Trash mayhem: Is it a matter of manners?
The day after the master’s students handed in their theses, the terraces and the green areas outside Nexus looked like the end of Roskilde Festival. The Director of Campus Services is disappointed with this behavior and calls it a matter of upbringing. CBS Students says it’s a common responsibility and they want CBS to engage in a dialogue with the students.
On the morning of May, Wednesday the 16th , the two terraces and the green areas outside of Café Nexus and CBS were flooded in trash. Plastic bags, plastic cups, empty pizza boxes, and beer cans were scattered all over the ground.
The day before, the master’s students had celebrated the handing in of their final theses, which meant that five members of the maintenance crew spent two hours cleaning up the left overs from the party.
Something, which disappoints the Director of Campus Services, René Steffensen.
“The students are asking CBS to be and act more sustainable. To me that has a hollow cling to it when the students can’t clean up after themselves. There has to be a connection between what we say, and what we do,” he says.
René Steffensen explains that at 2 PM on the 15th of May, six large garbage containers were put out in different places to avoid last year’s mess. Only to discover that they were half empty the morning after.
“It is not up to the high schools or universities to tell the students that they have to clean up after themselves. It’s a matter of manners,” says René Steffensen.
Sebastian Toft Bringstrup, Vice-President of CBS Students, does not agree with René Steffensen on the issue being connected to bad manners.
“With regards to the waste left after the master’s hand-in on the two wooden terraces, it is simply too easy to blame it on poorly raised students. This is an isolated case, and it’s a common responsibility,” he says.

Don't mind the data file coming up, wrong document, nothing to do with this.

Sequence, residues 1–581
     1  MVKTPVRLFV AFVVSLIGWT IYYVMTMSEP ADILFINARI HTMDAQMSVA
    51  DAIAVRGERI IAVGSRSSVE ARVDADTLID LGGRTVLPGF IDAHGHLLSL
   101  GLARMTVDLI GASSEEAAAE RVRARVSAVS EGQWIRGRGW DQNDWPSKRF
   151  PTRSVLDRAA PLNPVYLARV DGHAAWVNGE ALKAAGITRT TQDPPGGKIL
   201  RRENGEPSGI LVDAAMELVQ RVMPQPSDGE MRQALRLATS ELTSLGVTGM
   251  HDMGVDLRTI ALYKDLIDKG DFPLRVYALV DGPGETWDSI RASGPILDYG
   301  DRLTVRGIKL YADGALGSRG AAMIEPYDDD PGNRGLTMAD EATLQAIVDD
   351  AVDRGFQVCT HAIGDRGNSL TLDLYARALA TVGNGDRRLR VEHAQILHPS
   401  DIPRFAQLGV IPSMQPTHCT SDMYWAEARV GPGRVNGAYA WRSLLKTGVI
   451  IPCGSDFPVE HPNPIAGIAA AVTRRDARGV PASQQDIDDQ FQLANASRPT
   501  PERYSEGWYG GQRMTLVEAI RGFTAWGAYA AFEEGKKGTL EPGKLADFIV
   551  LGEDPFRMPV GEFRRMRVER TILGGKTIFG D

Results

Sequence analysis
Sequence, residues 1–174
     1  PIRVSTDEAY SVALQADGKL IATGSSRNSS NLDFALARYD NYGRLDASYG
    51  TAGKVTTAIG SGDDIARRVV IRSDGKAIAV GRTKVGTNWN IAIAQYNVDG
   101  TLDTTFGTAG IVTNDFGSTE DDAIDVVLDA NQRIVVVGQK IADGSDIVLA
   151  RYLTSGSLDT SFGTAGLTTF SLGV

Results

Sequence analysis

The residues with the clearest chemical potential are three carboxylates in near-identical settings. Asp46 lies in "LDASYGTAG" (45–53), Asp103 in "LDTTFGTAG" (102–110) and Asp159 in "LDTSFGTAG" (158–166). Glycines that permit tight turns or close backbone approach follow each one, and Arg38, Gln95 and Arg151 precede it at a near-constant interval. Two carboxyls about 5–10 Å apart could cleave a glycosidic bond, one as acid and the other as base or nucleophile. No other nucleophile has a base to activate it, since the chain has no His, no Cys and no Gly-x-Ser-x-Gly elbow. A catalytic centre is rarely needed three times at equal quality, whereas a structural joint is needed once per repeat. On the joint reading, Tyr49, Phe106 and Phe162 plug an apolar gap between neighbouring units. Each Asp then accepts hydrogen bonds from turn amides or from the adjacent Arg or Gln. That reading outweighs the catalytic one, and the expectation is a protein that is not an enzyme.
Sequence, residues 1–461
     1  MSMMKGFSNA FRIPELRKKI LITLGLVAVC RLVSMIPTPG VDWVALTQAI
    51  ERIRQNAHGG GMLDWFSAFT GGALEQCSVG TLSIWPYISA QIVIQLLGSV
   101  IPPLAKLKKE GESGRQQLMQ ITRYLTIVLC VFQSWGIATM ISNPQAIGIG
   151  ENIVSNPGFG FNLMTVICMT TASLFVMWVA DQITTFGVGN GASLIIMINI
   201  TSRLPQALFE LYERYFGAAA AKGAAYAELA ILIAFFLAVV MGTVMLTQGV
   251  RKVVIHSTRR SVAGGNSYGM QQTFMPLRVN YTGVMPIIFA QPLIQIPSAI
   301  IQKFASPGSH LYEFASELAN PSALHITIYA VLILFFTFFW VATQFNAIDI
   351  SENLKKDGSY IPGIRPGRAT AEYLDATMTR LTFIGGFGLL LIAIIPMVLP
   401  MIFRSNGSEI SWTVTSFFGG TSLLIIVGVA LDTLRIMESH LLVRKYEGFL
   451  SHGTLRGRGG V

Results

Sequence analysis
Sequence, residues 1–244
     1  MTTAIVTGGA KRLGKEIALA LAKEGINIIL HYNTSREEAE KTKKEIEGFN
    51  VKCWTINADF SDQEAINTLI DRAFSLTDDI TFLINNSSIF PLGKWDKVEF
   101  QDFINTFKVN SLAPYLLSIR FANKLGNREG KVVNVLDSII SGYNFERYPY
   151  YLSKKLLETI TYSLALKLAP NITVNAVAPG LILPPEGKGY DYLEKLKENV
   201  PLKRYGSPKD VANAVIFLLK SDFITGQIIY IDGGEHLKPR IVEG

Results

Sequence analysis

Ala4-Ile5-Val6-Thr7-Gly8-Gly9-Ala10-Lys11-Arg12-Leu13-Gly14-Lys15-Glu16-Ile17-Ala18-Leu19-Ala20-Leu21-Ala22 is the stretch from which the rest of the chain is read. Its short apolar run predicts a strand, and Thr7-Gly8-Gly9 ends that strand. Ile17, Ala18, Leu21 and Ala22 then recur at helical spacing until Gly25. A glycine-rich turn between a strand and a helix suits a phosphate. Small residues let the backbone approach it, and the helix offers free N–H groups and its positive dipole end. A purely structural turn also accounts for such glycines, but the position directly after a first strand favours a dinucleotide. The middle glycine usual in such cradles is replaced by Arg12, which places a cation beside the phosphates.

On the 16th of May, Communications at CBS posted two pictures that showed the area outside of Café Nexus before and after the party on their Facebook page. The picture was accompanied by angry emojis, and was also featured on the screens in the main hall at Solbjerg Plads.
“I think there are a lot of different ways of promoting students to help maintain a clean campus, but angry emojis are definitely not one of them. I believe that the best way to tackle any challenge at a university is by starting a dialogue with the students and applying their inputs,” says Sebastian Toft Bringstrup.
On the 15th of May, Café Nexus had the bar open until midnight. During their opening hours, Café Nexus is obligated to clean the terrace outside the bar, and according to Kate Pilkington, Managing Director of Café Nexus, the personnel stayed almost one hour extra after the opening hours and collected whatever trash they could before leaving.
“We clean up the terrace, but we can’t clean up elsewhere too. People were sitting in crowds on the grassy areas near the Wedge as well,” she says.
René Steffensen has no problem what so ever regarding Café Nexus’ handling of the matter at this event and that the students want to use CBS’ outdoor areas, but he hopes that the students will take into account that CBS is also a part of society and is a public space for others to use.
“It injures our reputation. We see more than 194 negative comments from citizens at the “Vi holder af Frederiksberg” Facebook page. Even though we can decide how we use our areas, and when to clean it up for ourselves, we are still part of society. It’s a public place, and people walk by it every day and they send complaints when it is not cleaned,” he says and adds:
“It’s great that the students want to hang out here and celebrate the handing in of their theses, as long as they clean up after themselves.”
Sebastian Toft Bringstrup is regularly having meetings with Campus Services, and he will bring the issue to the table at the next meeting.
“Until now waste management has not been at the forefront of our discussions, but we would be very happy to help CBS look into how new waste management and sustainability initiatives could be implemented for the students,” he says.